constitute a clearly unwarranted invasion of personal privacy;

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(7) records or information compiled for law enforcement purposes, but only to the
extent that the production of such law enforcement records or information (A) could
reasonably be expected to interfere with enforcement proceedings, (B) would deprive
a person of a right to a fair trial or an impartial adjudication, (C) could reasonably be
expected to constitute an unwarranted invasion of personal privacy, (D) could
reasonably be expected to disclose the identity of a confidential source, including a
State, local, or foreign agency or authority or any private institution which furnished
information on a confidential basis, and, in the case of a record or information
compiled by criminal law enforcement authority in the course of a criminal
investigation or by an agency conducting a lawful national security intelligence
investigation, information furnished by a confidential source, (E) would disclose
techniques and procedures for law enforcement investigations or prosecutions, or
would disclose guidelines for law enforcement investigations or prosecutions if such
disclosure could reasonably be expected to risk circumvention of the law, or (F) could
reasonably be expected to endanger the life or physical safety of any individual;
(8) contained in or related to examination, operating, or condition reports prepared by,
on behalf of, or for the use of an agency responsible for the regulation or supervision
of financial institutions; or

(9) geological and geophysical information and data, including maps, concerning
wells.

Any reasonably segregable portion of a record shall be provided to any person
requesting such record after deletion of the portions which are exempt under this
subsection. The amount of information deleted, and the exemption under which the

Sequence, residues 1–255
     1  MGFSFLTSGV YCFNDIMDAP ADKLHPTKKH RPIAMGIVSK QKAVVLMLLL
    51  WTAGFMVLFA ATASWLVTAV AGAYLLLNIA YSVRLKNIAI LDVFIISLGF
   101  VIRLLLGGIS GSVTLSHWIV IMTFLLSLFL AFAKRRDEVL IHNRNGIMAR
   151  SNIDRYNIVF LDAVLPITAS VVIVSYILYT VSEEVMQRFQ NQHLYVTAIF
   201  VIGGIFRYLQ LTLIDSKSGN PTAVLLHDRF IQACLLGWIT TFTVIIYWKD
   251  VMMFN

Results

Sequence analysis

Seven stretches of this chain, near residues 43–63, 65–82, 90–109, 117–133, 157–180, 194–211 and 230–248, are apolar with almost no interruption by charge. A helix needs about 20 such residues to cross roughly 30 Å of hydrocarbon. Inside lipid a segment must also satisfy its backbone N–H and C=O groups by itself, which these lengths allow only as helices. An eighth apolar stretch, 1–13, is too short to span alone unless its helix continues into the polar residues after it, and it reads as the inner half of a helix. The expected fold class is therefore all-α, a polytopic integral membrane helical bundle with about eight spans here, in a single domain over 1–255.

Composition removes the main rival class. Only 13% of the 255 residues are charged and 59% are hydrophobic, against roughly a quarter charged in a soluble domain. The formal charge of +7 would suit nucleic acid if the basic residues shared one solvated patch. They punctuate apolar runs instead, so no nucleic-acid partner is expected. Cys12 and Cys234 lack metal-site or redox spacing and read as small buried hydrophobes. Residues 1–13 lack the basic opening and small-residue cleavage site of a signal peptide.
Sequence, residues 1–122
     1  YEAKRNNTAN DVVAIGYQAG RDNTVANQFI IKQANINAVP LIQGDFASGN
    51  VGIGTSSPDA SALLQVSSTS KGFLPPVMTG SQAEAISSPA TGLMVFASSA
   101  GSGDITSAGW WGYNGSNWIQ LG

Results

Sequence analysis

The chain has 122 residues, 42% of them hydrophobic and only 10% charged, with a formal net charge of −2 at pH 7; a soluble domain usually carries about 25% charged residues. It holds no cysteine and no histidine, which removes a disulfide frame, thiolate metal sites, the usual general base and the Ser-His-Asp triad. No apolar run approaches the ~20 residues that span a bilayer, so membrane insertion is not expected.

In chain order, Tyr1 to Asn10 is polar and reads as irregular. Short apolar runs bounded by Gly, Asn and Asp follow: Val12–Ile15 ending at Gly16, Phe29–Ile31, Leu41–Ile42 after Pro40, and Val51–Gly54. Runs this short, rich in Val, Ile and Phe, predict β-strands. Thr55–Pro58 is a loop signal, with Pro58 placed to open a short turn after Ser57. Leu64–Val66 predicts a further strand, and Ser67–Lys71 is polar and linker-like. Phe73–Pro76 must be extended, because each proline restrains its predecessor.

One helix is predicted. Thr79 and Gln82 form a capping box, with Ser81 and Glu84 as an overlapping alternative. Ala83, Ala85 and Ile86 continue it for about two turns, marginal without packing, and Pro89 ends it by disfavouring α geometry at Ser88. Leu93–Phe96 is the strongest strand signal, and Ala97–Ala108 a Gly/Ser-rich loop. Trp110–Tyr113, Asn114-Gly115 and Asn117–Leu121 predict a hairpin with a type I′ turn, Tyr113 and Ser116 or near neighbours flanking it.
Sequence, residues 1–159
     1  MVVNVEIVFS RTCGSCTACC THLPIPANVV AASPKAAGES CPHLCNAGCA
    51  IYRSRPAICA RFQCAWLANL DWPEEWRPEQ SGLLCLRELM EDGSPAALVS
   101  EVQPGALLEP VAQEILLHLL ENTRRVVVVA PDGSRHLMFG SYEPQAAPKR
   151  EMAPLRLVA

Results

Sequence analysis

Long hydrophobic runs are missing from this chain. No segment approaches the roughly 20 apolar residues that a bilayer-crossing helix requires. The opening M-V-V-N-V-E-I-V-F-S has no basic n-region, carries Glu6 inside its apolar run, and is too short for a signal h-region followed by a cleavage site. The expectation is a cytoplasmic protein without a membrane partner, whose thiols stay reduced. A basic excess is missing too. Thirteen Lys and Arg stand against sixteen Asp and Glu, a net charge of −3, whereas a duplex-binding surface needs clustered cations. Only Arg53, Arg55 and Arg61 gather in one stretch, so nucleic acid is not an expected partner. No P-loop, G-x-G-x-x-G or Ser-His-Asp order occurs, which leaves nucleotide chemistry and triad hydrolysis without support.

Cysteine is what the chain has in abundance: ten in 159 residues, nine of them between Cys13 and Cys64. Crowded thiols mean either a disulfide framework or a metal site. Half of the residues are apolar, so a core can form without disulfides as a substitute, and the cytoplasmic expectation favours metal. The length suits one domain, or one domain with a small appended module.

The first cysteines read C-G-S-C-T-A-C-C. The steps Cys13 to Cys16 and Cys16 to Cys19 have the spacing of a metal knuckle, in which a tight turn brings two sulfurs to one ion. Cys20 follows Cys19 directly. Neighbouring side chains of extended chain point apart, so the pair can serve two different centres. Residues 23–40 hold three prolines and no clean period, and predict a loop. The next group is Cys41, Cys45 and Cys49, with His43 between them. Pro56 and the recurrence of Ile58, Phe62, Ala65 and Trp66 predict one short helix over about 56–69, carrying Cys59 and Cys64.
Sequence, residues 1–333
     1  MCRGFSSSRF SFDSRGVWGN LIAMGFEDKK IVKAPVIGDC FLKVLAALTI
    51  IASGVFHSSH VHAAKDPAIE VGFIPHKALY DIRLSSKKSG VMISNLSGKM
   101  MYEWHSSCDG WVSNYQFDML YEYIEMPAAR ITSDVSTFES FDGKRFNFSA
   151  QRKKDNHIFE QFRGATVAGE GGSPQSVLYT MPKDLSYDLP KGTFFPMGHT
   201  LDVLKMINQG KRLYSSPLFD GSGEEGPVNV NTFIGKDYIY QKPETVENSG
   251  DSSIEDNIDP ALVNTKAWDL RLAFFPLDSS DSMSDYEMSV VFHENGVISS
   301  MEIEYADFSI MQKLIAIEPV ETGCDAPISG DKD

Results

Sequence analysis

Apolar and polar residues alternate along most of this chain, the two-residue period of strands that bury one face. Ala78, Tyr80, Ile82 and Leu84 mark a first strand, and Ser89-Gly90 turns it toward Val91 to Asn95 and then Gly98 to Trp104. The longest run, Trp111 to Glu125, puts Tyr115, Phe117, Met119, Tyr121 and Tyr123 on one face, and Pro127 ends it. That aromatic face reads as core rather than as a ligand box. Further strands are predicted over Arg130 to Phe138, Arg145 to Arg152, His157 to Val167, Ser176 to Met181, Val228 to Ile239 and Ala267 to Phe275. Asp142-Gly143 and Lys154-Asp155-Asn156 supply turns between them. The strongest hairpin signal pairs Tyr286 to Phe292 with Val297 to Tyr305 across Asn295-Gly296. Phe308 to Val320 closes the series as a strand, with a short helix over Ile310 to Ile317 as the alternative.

deletion is made, shall be indicated on the released portion of the record, unless
including that indication would harm an interest protected by the exemption in this
subsection under which the deletion is made. If technically feasible, the amount of the
information deleted, and the exemption under which the deletion is made, shall be
indicated at the place in the record where such deletion is made.
(c)(1) Whenever a request is made which involves access to records described in
subsection (b)(7)(A) and—
(A) the investigation or proceeding involves a possible violation of criminal law; and

(B) there is reason to believe that (i) the subject of the investigation or proceeding is
not aware of its pendency, and (ii) disclosure of the existence of the records could
reasonably be expected to interfere with enforcement proceedings, the agency may,
during only such time as that circumstance continues, treat the records as not subject
to the requirements of this section.
(2) Whenever informant records maintained by a criminal law enforcement agency
under an informant’s name or personal identifier are requested by a third party
according to the informant’s name or personal identifier, the agency may treat the